Competing abortion proposals tabled ahead of NH’s next legislative session

Nov. 23 – Franklin Republican Rep. Dave Testerman is proposing legislation that would ban abortions after detection of a fetal heartbeat, though he says there probably won’t be enough support for the measure to pass when lawmakers next year reconvenes.

Even some of his GOP peers probably won’t vote for it, he said.

“There are a lot of people who are afraid of the public eye, so I suspect we have a lot of people that are going to be hiding in the corner on that front,” Testerman said.

The exact wording of the bill isn’t yet available, but Testerman believes it would require detecting the fetal heartbeat through a stethoscope, which he says is likely to occur between 12 and 16 weeks of gestation.

His proposal comes in the form of a Legislative Service Request, which requires state officials to write the restriction into an actual bill. Tuesday was the last day for lawmakers to file LSRs for the upcoming session.

During the Nov. 8 state election campaign, many Democratic candidates criticized Republicans for passing legislation last year banning most abortions after 24 weeks of pregnancy. Democrats won seats in the election, and the NH House is now almost evenly split, with pending recounts ongoing.

Testerman said Republicans didn’t push back those Democratic criticisms hard enough.

He said the 24-week limit now in force in New Hampshire meets the profitability standard in the landmark Roe v. Wade decision of the US Supreme Court in 1973, which the court overturned in June, ending a constitutional right to the trial and leaving the matter in the hands of the states.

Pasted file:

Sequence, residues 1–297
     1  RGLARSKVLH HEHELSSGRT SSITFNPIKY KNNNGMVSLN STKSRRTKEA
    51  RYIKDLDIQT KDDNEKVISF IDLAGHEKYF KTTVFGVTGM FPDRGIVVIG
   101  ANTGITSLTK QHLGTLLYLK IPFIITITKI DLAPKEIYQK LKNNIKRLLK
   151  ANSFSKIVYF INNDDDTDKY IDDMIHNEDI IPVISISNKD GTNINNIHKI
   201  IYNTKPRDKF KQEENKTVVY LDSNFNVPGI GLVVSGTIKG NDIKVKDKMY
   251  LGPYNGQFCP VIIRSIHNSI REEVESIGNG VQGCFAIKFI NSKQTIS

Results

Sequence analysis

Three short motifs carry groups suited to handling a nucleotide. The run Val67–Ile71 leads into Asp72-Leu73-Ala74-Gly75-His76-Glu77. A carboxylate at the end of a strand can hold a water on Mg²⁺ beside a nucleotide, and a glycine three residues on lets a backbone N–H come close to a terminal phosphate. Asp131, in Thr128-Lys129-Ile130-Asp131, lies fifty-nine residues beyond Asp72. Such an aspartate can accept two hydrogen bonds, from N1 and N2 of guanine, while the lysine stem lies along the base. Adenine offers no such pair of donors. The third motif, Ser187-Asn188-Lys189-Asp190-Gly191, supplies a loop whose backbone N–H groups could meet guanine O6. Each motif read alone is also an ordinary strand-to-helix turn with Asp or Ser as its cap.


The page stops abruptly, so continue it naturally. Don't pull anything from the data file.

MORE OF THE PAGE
NH House Majority Leader Jason Osborne, R-Auburn, said in an interview with NH Public Radio in July that he would fight efforts to further limit abortion in the state, and Republican NH Gov. Chris Sununu has spoken out self-identified as a supporter of the election He signed the 24-week restriction.

Meanwhile, Rep. Amanda Elizabeth Toll, D-Keene, has filed an LSR on a proposal that would allow voters to approve a measure to enshrine reproductive rights in the NH Constitution. She is also a co-sponsor of a separate bill to create legislation guaranteeing access to abortion in the state.

Toll also said it could take longer than just a year for such measures to be passed. She made a similar effort in the last session where she failed to win the round.

“It’s important that even when the cards feel against us, we continue to work towards the changes that we know our constituents want,” she said in a written statement Tuesday. “I think the quote, ‘It always seems impossible until it’s done,’ stuck throughout American history and applies here.”

She said Testerman’s legislation was extreme and “out of touch with the majority of Americans and Granite Staters.”

For his part, Testerman, 78, said he thought it was important that he propose anti-abortion legislation even if there wasn’t much chance of passage.

He compared his efforts to ban abortion to those of British politician William Wilberforce, who campaigned for 40 years to abolish slavery in the British Empire. It was completed in 1833, the same year he died.

“I probably won’t be here for 40 years, but I’ll keep trying,” Testerman said.

Rick Green can be reached at [email protected] or 603-355-8567.